New peace movement launched
|January 9, 2007||Posted by Staff under Progress Report, The Progress Report|
Angolans Demand Peace Not Genocide
New peace movement launched
(Publisher’s note — human lives can be trampled, but the human spirit still seeks peace. Here is a story of some people who refused to give up hope and have somehow found positive actions to take, to bring peace to Angola after 24 years of civil war.)
LUANDA – A new peace movement has been launched in Angola to condemn the “genocide” of the civil war and to demand negotiations between the government, UNITA rebels and FLEC separatists in the Cabinda enclave.
In what analysts describe as a breath of fresh air in the suffocating climate of war propaganda by all sides, a “peace manifesto” was signed earlier this month by a coalition of intellectuals, politicians and the church. It blames both the government and UNITA for prolonging and profiting from the decades-old conflict, and Angolan civil society for remaining silent.
“A level of exhaustion has been reached in Angola. Civil society is putting its head above the parapet in what is a significant act of courage,” one political analyst said.
The peace manifesto insists there is no military solution to the Angolan conflict which has raged on and off since independence from Portugal in 1975. It calls for Angolan civil society, rather than the ineffective international community, to mediate a resolution to the war. The manifesto also demands that the government and UNITA “include in their military budgets the assistance to deprived people, instead of transferring the burden of their own war against the Angolan nation to the international community.”
The peace movement aims to collect 10,000 signatures to present to the government, UNITA and FLEC, and international organizations concerned with peace in Angola. But its central demand of dialogue between the government and rebel groups has been rejected by the government in Luanda. The government argues that UNITA’s repeated failure to honor past peace agreements – even accords over humanitarian corridors – proves that the movement and its leader Jonas Savimbi is committed only to winning power by force.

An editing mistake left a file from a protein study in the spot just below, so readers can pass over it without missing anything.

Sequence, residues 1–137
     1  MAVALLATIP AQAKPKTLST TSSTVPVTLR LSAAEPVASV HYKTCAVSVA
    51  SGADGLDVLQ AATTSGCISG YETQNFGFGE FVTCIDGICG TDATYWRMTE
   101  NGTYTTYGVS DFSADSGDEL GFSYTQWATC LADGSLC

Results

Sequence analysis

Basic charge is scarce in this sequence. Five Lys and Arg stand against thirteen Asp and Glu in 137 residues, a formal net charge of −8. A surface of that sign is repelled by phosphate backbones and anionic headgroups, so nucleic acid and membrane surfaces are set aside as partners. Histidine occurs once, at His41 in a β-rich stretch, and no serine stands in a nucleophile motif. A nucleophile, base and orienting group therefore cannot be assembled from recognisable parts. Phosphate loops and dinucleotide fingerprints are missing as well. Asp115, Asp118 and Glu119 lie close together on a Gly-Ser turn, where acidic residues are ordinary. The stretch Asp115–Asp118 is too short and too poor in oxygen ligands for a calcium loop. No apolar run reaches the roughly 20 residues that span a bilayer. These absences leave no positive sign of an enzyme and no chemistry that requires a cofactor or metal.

“I don’t believe the government would ever agree to give any more chances to Savimbi,” Bie provincial vice-governor Antonio Gonzalves said. “These people who are advocating talks don’t really know what the reality of the people here is, a population who have felt in their own flesh the activities of Savimbi.”
Gonzalves, who was detained and tortured by U.S.-supported UNITA at independence in 1975, and like so many Angolans, has lost family members in the war, acknowledged that one of the consequences of the conflict has been corruption by some officials on arms deals and the oil and diamond trade: “But the greater danger is that if Savimbi ever won power there would be no peace in Angola as he would seek to eliminate all opponents.”
Paulo Juliao, editor of the independent ‘Radio Eclesia’ and a signatory to the peace manifesto said that “we also know that Savimbi has failed many times to keep his promises. But on the other hand we have the right to defend our lives and we don’t want to defend our lives with arms.”
He added: “The current situation is not a war, it’s a genocide. It’s the end of one generation of Angolans. The government’s argument that they are defending peace through war is unacceptable unless the government can prove that it has exhausted all attempts at negotiations.”
The road to peace is long but we can hope for the success of movements such as this new one in Angola. What is your opinion? Tell The Progress Report!